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Junior firefighters bolster ranks

Hudson’s Hope fire department celebrates open house.

Hudson’s Hope Fire and Rescue held an open house at their district fire hall Tuesday night, inviting residents to enjoy a barbecue and watch their junior members demonstrate the auto-extrication techniques they’ve been practicing.  

Fire Chief Brad Milton says the juniors have been great additions to his team and was proud to see all four succeed in their training, which began last November. The department has been busy with 12 calls in the past month. 

“They were a great addition to the department. It’s been really good to have that program up and running again, especially with everything being shut down over COVID, it was missed within the community,” said Milton. “The girls were just phenomenal, and all they’re all part of the grad class this year. It was nice to wrap up their year with joining the juniors.”  

On Tuesday, Jenna Roberts, Davida Naisby, Katie Norton, and Sara Trask worked together to demonstrate a door removal in a mock emergency response scenario. Milton says it’s a skill that takes a lot of practice, with senior members overseeing the demo.  

Roberts says firefighting has been a great fit for her, and opportunity to give back to the community.  

“I’ve always wanted a career in healthcare or helping people in general, so the junior firefighting program’s been a stepping stone for me,” she said. "It’s given me experience into what helping people can look like through first response."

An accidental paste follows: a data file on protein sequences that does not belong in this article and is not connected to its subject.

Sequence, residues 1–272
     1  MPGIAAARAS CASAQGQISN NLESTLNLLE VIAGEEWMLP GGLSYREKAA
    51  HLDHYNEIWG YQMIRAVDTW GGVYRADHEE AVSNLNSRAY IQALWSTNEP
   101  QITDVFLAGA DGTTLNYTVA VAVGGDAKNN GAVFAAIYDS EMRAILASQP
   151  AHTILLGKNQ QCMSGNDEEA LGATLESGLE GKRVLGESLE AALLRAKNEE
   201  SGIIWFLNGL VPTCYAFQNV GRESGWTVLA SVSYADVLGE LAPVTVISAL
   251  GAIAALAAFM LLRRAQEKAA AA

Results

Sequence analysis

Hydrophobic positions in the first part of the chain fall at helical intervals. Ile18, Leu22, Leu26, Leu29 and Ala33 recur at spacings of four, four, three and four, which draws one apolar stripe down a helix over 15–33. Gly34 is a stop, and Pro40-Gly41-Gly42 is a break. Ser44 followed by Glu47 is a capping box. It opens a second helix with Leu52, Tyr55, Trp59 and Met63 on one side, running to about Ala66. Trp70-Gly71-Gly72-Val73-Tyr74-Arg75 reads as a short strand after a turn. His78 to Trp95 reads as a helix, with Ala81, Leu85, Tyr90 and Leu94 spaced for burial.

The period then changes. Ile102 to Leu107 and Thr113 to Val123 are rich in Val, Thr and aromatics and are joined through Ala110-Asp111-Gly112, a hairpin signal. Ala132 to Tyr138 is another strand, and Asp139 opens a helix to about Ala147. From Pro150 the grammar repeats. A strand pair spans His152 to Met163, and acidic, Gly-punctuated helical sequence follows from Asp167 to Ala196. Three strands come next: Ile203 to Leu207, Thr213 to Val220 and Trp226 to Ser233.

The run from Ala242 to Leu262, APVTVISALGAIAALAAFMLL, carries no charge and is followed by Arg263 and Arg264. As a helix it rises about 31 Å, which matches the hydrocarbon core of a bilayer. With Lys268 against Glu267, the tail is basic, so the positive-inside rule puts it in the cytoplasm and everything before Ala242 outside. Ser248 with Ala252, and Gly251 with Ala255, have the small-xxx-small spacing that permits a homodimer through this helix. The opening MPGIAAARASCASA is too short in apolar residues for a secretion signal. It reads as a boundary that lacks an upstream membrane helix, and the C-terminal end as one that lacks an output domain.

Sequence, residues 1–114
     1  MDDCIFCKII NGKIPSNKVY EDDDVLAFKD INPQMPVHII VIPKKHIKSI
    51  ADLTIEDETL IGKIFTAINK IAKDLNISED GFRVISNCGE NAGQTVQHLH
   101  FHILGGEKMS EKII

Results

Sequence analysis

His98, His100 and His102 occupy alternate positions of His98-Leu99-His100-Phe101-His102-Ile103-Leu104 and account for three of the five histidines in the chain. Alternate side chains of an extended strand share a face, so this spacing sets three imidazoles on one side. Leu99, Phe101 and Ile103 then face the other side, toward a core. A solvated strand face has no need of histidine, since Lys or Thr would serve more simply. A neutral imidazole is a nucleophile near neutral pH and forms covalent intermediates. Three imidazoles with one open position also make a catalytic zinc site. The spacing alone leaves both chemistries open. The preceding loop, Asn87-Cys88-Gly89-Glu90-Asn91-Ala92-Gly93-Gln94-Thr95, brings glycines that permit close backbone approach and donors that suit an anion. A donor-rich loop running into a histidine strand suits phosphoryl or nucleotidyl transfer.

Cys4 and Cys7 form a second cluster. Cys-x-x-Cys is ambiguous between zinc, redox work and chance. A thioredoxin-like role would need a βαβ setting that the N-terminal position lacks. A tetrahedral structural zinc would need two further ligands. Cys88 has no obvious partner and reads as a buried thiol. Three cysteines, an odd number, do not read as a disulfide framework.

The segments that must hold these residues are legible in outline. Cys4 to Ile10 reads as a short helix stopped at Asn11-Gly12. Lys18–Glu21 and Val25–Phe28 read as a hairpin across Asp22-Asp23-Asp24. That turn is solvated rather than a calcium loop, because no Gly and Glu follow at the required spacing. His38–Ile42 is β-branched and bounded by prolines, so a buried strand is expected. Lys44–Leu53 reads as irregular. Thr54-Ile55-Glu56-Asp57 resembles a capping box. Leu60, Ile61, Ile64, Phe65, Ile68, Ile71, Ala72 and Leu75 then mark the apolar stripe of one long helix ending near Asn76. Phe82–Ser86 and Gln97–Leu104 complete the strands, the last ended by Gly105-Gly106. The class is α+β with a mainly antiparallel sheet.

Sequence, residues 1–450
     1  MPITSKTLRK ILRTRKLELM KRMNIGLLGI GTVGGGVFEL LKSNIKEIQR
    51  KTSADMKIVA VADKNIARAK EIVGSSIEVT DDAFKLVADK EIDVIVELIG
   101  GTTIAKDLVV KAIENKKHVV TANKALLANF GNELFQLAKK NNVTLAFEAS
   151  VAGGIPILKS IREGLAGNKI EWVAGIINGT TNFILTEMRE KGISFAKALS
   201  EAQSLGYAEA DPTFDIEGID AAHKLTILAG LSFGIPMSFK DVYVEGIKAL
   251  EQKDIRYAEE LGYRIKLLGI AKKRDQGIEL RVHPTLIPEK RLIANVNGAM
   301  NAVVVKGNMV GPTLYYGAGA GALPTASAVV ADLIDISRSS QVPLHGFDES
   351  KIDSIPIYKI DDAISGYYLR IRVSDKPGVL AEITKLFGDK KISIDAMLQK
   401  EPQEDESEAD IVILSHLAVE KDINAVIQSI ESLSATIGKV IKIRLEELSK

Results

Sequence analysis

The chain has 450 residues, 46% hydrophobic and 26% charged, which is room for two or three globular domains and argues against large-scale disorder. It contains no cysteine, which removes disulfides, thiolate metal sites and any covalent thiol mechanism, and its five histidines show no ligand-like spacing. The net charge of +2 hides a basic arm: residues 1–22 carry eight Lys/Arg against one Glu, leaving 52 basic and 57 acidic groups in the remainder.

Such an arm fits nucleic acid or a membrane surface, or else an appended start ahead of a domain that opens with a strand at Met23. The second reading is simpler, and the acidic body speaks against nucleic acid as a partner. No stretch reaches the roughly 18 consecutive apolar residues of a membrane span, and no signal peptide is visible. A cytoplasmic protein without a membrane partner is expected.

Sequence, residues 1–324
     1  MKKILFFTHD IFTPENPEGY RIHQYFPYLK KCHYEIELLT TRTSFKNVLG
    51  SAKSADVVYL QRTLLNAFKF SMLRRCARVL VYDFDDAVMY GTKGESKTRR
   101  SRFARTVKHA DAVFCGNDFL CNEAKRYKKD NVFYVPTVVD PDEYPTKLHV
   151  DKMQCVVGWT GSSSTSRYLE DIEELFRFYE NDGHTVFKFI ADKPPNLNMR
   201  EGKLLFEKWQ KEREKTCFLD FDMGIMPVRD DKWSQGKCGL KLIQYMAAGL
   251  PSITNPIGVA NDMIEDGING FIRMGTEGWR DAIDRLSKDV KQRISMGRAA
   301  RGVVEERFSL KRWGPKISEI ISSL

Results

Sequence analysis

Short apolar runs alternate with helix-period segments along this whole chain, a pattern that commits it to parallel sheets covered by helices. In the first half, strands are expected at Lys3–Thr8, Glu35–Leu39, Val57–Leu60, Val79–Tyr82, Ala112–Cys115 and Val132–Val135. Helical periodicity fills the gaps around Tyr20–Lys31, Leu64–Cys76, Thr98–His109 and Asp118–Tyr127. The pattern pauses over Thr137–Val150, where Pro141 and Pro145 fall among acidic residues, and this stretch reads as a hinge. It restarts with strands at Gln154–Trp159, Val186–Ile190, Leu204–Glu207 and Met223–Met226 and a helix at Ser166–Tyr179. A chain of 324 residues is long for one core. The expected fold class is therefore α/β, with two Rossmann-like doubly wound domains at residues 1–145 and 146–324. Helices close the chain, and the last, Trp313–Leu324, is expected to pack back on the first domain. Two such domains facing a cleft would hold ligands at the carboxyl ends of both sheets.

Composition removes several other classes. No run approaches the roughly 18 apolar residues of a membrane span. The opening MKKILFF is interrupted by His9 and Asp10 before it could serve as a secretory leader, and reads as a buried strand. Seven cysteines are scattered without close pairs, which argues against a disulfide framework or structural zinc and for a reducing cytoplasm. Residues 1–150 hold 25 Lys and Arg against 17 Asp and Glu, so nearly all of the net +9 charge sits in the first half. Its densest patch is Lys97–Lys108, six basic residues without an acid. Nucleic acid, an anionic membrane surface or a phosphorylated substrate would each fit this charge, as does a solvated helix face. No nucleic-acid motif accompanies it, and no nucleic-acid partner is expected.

Naisby says the call to action runs in her blood as her dad and sister were both firefighters with the department. She plans to study criminology in the future, useful to both firefighters and law enforcement. 

“I grew up here and my dad was a part of the fire hall so I’ve always been interested in firefighting. My sister was also a junior firefighter. It’s been really fun,” said Nasiby.  

Norton is the daughter of the former Hudson’s Hope fire chief, Bob Norton, and always intended to at least take a few steps into her dad’s career. Working with hoses and learning water suppression has been the one of the highlights for her.  

“He was the old chief here, and now he’s the new chief in Fort St. John, so it's always something I’ve been around. I always thought it was cool and figured I would try it out,” she said. “It’s been excellent.”  

Trask is a Pink Mountain rancher and a farm girl at heart but has family who’ve volunteered their time to fire departments.  

“I’ve got cousins who volunteer and I thought it would be cool to get into. When I was younger, I spent some time with my aunt around a fire truck, so this was a good opportunity,” said Trask.  

Tom Summer, Alaska Highway News, Local Journalism Initiative.  

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